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Human Rights Watch Says Cluster Bombs Used 'Extensively' in Ukraine

A man removes debris inside a flat at a residential block which was damaged by a recent shelling in Donetsk, eastern Ukraine, Oct. 19, 2014.

Evidence collected by New York-based Human Rights Watch suggests that government forces have used cluster munitions in eastern Ukraine and pro-Russian separatists may also have done so, the rights watchdog said Tuesday.

The spokesmen for the Kiev government's military operation against the uprising in the east denied the accusations. The rebels were not immediately available to comment.

Cluster bombs explode in the air, scattering dozens of smaller bomblets over an area the size of a sports field. Most nations have banned their use under a convention that became international law in 2010, but Ukraine has not signed it.

Human Rights Watch said in a statement that it had carried out a week-long investigation in eastern Ukraine, where more than 3,700 people have been killed in fighting since April, and documented widespread use of cluster munitions.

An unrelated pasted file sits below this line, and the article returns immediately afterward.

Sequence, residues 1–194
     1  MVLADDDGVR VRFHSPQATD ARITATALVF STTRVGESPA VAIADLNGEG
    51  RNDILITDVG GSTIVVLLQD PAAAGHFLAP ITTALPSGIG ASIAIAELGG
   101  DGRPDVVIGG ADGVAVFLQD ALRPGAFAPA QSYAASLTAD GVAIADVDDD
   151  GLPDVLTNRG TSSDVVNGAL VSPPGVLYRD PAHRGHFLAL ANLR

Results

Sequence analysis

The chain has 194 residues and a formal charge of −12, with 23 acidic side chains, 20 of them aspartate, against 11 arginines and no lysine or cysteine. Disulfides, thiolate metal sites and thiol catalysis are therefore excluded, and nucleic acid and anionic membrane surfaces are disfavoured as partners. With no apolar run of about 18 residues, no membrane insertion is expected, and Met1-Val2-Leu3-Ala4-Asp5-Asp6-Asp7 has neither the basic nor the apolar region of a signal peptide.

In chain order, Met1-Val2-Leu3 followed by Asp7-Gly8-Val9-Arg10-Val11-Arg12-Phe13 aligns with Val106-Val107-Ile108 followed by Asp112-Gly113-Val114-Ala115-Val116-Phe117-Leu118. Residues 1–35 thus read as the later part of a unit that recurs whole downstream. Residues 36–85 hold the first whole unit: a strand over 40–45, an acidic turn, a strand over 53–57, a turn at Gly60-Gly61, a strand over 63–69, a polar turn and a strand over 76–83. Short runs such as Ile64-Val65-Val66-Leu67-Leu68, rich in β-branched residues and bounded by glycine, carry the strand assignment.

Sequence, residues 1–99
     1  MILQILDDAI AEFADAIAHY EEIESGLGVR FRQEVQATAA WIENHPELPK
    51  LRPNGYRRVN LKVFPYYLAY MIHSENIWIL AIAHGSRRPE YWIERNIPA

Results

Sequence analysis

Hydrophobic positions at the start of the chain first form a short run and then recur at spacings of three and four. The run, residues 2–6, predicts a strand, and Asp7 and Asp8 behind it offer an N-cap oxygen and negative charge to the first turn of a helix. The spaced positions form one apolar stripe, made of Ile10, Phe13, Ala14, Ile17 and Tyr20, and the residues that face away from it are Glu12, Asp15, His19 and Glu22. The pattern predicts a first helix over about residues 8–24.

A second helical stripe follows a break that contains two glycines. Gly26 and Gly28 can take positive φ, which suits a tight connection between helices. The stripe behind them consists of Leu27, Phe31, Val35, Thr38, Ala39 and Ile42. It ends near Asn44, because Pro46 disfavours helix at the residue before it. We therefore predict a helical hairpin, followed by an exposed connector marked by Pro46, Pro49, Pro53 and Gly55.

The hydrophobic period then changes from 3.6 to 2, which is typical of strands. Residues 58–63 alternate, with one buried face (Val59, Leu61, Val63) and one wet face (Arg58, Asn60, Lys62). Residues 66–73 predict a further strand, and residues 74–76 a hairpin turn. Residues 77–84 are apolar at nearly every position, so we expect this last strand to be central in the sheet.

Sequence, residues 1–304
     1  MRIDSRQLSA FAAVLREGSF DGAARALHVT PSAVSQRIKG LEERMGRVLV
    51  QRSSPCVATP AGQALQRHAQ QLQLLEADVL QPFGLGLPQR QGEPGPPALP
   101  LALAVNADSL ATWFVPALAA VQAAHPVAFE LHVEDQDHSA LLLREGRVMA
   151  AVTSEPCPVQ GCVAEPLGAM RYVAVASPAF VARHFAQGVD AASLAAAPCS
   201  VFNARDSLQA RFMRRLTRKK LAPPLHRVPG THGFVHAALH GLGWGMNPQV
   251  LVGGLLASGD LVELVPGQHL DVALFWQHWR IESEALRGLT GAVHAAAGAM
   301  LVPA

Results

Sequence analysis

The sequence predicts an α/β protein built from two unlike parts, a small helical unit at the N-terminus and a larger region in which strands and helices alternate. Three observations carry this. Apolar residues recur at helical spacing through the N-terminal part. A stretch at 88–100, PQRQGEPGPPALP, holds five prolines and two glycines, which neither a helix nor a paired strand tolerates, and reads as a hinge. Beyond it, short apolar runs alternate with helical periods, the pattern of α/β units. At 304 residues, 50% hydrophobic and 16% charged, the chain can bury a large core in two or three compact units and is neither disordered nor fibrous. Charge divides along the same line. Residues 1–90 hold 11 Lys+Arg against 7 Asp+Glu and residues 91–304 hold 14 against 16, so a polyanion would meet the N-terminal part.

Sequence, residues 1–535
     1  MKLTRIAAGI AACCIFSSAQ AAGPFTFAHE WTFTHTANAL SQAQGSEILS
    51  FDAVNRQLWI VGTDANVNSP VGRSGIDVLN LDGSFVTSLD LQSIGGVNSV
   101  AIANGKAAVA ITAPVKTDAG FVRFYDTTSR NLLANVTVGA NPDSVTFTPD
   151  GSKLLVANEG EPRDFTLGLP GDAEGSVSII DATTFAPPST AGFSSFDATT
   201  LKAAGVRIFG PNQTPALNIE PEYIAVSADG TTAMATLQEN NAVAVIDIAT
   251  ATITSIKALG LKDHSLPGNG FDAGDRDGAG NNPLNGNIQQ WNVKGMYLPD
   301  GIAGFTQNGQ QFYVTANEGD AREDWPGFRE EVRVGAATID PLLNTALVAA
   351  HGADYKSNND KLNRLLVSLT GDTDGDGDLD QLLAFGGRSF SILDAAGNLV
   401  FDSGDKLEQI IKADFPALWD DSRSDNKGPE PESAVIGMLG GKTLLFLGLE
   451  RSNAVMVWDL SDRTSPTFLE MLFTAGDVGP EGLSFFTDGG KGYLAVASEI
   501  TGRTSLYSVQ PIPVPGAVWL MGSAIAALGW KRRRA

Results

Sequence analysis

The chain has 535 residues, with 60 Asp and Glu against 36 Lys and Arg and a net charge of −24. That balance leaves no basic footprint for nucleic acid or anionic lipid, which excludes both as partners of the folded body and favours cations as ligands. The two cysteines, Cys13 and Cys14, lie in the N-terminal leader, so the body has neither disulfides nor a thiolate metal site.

It said it could not conclusively determine responsibility for many of the attacks but "the evidence points to Ukrainian government forces' responsibility for several cluster munition attacks" this month on Donetsk, the rebels' main stronghold.

"It is shocking to see a weapon that most countries have banned used so extensively in eastern Ukraine," said Mark Hiznay, senior arms researcher at Human Rights Watch. "Ukrainian authorities should make an immediate commitment not to use cluster munitions and join the treaty to ban them."

In 12 incidents documented, cluster munitions killed at least six people and wounded dozens, but the toll could be higher, the watchdog said.

It said it had identified the cluster munitions by their distinctive crater and fragmentation patterns, by remnants found at the impact sites and by remnants of the rockets found in the vicinity.

"We do not use cluster munitions. They can only be used by aviation and our aviation has not flown since the announcement of a cease-fire on Sept. 5," said military spokesman Andriy Lysenko.

Another ATO spokesman, Vladyslav Seleznyov, described the accusations as "utter nonsense."

Human Rights Watch added: "While not conclusive, circumstances indicate that anti-government forces might also have been responsible for the use of cluster munitions."

Russia has denied sending troops or weapons to help the rebels but Human Rights Watch urged Moscow to commit to not using cluster munitions and accede to the cluster munitions treaty.

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